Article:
Starting and growing a business comes with a set of challenges for everyone. But there’s a unique set of hurdles that women in business face, more than their male counterparts, like the difficulty to obtain business loans from traditional owners of capital. Read more about women entrepreneur below in detail.
While fintech lenders like Camino Financial are closing the lending gap, starting a growing business can still be hard for women venturing into a male-dominated landscape. The good thing is, there are larger-than-life women entrepreneurs who have made it against all odds. You can make it, too!
However, existing and aspiring women entrepreneurs should understand the odds stacked against them and how the gender issue will help or hurt your business’s success. Thus, you can devise your course of action upfront to overcome the challenges.
5 Things women entrepreneur should know
You aren’t alone
Let’s start on a positive note. According to the National Association of Women Business Owners, about 12 million businesses in the U.S are women-owned. As of 2017, these businesses generate $1.7 trillion annually and employ nearly 9 million people. Thus, women cannot be wished away from the small business ecosystem, which is encouraging to aspire women entrepreneurs, just like yourself!
Build a support network
According to INC, 48% of women entrepreneurs say lack of advisors and mentors is a hurdle towards professional and business growth. Again, a 2014 U.S Senate report found that women may not get the business training and counseling they need to pivot their startups.
Despite the challenge, don’t be a lone wolf in the business land. Proactively strive to build a robust support network to help you blaze the entrepreneurship path. It’s where you learn about industry trends, meet business partners, and keep your competition in check.
It’s easier said than done, but you can start by taking advantage of women networking events like the WIN Conference or BizWomen. Don’t forget online forums and groups like Ellevate network that focus specifically on women.
Getting funding is harder
Small businesses everywhere face challenges obtaining small business loans from traditional lenders and venture capitalists. But obtaining capital is harder for women entrepreneurs. For instance, Fortune reports that male-founded companies received $58.2 billion of VC funds in 2016, while female-founded businesses received only $1.46 billion. Again, A Boston college report found that only 2.7% of VC-funded companies had women CEOs.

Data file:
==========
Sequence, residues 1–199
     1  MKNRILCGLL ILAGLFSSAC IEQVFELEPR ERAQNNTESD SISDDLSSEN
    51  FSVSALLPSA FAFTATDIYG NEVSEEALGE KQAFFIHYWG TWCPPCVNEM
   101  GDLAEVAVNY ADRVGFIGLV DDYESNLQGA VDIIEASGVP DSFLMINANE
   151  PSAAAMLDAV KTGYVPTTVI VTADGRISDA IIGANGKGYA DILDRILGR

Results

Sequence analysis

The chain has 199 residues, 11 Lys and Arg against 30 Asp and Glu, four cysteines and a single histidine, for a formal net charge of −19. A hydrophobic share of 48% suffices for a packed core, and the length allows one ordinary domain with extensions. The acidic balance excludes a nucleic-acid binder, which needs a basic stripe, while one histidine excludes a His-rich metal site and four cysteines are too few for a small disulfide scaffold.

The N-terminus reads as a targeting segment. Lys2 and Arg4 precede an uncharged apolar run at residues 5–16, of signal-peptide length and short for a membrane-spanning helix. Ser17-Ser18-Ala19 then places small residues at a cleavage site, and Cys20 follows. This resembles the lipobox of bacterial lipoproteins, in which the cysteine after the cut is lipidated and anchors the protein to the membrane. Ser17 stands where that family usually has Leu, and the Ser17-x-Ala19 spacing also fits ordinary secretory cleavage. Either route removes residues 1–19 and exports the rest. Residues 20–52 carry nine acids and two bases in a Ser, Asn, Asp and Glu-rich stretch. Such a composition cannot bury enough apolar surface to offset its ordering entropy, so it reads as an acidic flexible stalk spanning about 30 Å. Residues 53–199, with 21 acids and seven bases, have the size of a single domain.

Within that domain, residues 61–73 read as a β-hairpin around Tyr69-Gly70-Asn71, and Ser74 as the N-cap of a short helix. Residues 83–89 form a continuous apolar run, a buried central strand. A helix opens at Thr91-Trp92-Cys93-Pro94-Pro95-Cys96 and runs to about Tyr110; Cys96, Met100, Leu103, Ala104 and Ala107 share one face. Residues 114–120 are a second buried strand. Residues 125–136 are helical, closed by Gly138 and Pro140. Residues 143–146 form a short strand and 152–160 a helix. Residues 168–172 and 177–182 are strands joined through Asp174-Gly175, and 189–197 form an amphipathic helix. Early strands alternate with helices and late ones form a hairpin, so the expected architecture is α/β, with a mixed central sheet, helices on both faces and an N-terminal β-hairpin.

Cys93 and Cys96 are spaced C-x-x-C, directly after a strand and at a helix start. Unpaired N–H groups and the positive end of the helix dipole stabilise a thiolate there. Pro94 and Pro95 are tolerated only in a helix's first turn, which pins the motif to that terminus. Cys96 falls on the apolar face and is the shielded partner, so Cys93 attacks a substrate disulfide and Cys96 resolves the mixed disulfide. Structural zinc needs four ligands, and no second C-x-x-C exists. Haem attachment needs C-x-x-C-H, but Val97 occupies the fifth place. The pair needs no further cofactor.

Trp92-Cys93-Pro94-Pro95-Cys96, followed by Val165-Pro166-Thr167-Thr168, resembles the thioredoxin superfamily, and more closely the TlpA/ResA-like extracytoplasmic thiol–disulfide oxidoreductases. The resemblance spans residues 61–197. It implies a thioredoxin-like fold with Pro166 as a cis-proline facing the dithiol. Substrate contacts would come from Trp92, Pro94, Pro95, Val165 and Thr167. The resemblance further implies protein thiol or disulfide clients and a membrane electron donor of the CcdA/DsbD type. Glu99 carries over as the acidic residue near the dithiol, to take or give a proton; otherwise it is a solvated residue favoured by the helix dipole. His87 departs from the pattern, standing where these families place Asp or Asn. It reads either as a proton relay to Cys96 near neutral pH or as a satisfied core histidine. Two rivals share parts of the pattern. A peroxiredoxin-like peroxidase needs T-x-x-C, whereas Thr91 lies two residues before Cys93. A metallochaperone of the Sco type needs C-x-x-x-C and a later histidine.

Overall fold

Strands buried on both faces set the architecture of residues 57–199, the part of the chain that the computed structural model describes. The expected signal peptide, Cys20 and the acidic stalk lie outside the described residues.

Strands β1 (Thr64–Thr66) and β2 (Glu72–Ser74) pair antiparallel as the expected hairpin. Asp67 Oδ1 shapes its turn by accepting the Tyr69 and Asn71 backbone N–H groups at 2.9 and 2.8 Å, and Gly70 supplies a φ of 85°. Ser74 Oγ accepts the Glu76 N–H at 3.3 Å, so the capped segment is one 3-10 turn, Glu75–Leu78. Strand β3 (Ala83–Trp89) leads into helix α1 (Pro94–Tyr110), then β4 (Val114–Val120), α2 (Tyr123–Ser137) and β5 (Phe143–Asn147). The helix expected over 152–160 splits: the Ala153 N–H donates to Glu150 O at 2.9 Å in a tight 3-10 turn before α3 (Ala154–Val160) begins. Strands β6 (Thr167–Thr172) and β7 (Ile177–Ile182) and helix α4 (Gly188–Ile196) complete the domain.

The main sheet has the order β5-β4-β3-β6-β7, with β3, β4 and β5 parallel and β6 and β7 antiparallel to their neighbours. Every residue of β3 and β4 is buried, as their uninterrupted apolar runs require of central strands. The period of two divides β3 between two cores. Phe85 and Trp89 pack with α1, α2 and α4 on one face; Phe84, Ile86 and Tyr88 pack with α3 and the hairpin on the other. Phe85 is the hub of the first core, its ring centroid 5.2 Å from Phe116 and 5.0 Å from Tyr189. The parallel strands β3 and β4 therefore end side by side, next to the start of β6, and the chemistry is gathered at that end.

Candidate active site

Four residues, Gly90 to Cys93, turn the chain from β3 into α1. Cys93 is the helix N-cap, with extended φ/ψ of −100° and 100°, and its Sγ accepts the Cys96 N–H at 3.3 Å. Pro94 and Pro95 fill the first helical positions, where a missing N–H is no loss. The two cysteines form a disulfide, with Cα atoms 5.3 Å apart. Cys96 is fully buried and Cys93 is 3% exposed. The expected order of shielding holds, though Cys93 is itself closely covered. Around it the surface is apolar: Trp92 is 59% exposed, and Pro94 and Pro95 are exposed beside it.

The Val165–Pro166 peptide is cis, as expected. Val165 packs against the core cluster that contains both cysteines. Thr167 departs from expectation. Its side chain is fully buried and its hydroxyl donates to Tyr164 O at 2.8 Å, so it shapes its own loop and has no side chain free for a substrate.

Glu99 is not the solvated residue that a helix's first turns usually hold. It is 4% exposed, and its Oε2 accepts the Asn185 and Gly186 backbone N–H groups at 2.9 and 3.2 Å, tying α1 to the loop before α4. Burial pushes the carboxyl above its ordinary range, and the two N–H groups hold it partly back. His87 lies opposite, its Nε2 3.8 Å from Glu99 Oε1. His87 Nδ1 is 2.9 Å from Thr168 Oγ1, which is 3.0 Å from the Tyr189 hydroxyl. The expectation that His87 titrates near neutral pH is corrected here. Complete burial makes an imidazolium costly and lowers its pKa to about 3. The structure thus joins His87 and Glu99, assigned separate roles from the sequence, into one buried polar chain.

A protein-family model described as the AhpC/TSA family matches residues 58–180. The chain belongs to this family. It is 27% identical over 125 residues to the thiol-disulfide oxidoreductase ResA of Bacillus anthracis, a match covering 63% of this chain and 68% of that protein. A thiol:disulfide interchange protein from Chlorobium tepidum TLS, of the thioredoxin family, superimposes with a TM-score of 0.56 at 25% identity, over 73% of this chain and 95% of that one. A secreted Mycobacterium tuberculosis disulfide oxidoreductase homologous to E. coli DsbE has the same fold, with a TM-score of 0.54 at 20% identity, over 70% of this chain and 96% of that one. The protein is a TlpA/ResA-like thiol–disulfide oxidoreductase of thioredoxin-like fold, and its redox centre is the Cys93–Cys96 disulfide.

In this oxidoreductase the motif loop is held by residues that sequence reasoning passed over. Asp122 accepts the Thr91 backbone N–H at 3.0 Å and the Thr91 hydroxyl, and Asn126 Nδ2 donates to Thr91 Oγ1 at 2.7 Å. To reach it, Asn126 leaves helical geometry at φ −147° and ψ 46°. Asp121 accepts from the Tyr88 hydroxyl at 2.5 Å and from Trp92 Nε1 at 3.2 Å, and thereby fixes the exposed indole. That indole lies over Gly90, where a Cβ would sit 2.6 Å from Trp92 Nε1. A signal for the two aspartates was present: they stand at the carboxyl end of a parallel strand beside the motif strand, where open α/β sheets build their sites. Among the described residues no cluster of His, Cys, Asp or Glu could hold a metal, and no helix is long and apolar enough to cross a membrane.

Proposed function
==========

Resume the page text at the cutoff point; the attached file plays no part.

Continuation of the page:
That shouldn’t scare you, but prepare you to face the odds. Some business experts maintain that VCs tend to invest in businesses owned by people of their “tribe.” Thus, female VCs are more likely to invest in female-found startups. You’re more likely to succeed if you look for female investors to invest in your business. Confidence is your real arsenal when pitching to investors. Bring yourself out as a proven leader.
Gender bias is real in the lending circles
Gender bias in traditional financial institutions is a pain in the neck women have to deal with when seeking capital to start or expand their businesses. Per Bloomberg, men are 15%-20% more likely to get approved for a bank loan than female counterparts. In total, women end up receiving less than 16% of all conventional business loans.
Again, the 2014 Majority Report of the U.S Senate Committee shows that banks are more likely to turn down a woman loan application, and when it’s accepted, women may receive up to $5,000 less than men.
Somehow, the odds are stacked against you. So how can you win? Start by stashing aside some personal savings to keep the ball rolling for a while. When you go for a loan, ask for more than you need. If your application or pitch goes through, you’ll settle close to the amount you want. In case banks and VCs reject you, look into fintech lenders. It leads us to the last point below.
Obtaining startup or working capital from VCs and traditional financial institutions is tougher for women entrepreneurs. There’s good news. Alternative sources of funds have sprouted to help bridge the lending gap.
Top among them are fintech lenders, like Camino Financial. They use technology to process business loans without issues of gender bias and have a simple application process and faster approval periods.
So make sure you’ve got a solid business plan, a great product, a robust support network, and work with the right lenders. That’s how you tilt the odds of succeeding in entrepreneurship in your favor.
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